Dark days clouded his life. Being economically poor also robbed his family of the happiness of eating together.
“My father returned home, at 50, after his intense labour. My family’s responsibility on his shoulders limited my career options. But, in the end, I made the same choice as his father and went to Qatar.” For that, Prakash Saput obtained a passport and travelled to Kathmandu. Here, he trained as a security guard for 25 days. After the training, the Arabian interviewer said “You are too young” and failed him. But, he was happy.
Of the Rs 5,000 in his pocket, he spent Rs 1,500 on transportation to return home and the rest in books. But, he felt directionless there. So, he came back to Kathmandu and began to look for work. He was staying at his friend’s hotel. But, for free food and accommodation, he started working around the hotel.
Coincidentally, Prakash Saput got a job in Gambesi Dohori. His salary was small there, but he got tips. Then, month by month, his salary kept increasing. The club opened a branch in Dubai, so he went there. After three months, he came to Nepal to get married. Though he went back to Dubai, he could not last there longer. And, his life went back to misery and struggle.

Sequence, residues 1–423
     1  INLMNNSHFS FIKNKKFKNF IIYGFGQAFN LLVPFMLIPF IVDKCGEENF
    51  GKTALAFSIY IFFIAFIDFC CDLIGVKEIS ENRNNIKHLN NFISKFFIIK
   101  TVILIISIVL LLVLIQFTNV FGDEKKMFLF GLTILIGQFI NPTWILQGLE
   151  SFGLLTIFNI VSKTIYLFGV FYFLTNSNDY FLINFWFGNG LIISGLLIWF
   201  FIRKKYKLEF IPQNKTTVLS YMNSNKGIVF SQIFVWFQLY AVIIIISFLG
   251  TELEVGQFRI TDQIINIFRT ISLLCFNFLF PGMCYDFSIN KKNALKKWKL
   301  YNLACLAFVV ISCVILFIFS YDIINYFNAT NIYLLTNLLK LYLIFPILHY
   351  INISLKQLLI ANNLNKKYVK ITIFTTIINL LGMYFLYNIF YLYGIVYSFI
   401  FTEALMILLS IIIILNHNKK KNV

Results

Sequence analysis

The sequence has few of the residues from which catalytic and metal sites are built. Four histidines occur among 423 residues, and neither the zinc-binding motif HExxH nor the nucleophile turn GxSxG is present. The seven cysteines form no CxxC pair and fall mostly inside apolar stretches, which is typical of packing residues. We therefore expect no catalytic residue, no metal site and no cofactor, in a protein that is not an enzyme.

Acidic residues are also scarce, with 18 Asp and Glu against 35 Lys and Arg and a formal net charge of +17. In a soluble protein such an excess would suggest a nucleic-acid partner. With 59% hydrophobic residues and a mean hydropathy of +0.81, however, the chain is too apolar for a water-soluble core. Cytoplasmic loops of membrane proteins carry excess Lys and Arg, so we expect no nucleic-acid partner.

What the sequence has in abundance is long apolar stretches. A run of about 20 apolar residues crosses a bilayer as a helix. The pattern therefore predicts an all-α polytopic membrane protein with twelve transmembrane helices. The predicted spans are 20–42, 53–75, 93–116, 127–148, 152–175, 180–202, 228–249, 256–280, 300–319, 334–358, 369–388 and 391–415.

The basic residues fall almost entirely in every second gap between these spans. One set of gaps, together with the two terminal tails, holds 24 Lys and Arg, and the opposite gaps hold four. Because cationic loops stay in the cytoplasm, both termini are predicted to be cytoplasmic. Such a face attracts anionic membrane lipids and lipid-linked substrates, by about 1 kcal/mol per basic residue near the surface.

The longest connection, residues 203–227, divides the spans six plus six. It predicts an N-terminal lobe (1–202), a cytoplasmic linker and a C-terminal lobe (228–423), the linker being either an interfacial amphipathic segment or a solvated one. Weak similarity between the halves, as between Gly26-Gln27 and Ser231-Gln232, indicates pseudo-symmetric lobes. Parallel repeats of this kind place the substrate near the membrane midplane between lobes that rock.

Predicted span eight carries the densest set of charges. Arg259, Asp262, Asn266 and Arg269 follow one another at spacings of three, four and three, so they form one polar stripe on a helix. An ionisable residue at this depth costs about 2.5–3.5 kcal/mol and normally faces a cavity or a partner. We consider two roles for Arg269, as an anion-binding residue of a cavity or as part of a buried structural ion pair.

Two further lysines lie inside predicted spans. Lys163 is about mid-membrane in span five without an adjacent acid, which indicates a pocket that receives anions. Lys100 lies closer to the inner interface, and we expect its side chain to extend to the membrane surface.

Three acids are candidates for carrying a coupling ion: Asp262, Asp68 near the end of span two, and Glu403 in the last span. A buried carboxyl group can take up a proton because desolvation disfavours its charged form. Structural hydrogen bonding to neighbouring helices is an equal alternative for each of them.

On one lucky day, he met Prithvi Thakali who gave him a job in Prithvi Entertainment. His monetary problems got sorted after that.
Music is life
The music pieces Prakash Saput has composed are all different, and when they were released they have created quite a stir in the market, individually. But, how is that possible?
A nostalgic Saput says, ”My compositions are a reflection of my life experiences, full of joys and sorrows. The rollercoaster-like experiences are rare and colourful. All that gives my music a more rustic, ethnic flavour.”
He adds further, “We grew up in a time where villagers would gather and listen to the radio or watch TV. Radio, FM and television came. The TV changed from black and white to colour. Collecting posters of actors and actresses, writing letters or having posters and calendars on the walls, we saw cars plying the village roads and saw dozers digging the roads.”
In Prakash Saput’s career graph, from ‘Bola Maya‘ to ‘Kura Bujhna Parcha‘, he is not just singing songs but also composing music with a specific style and addressing social issues.
With ‘Bola Maya’, Saput came into the spotlight. The plot of this tragic song was based on the story of his father, who spent all his money on foreign employment. Like his father, many young men left home to go abroad to earn money to take care of old parents, educate the young children and give happiness to the family. But, they return lifeless in coffins. And, he described the same in his melodious tunes.
Prakash Saput is very close to his village and one can find the essence in his songs too. “I was in Kathmandu when the grandfather passed away. As soon as I reached the village, my grandmother hugged me and cried. While crying, she expressed her grievances in a few lines, in a certain tune common during mourning. I used the same style at the end of the ‘Bola Maya’ song.”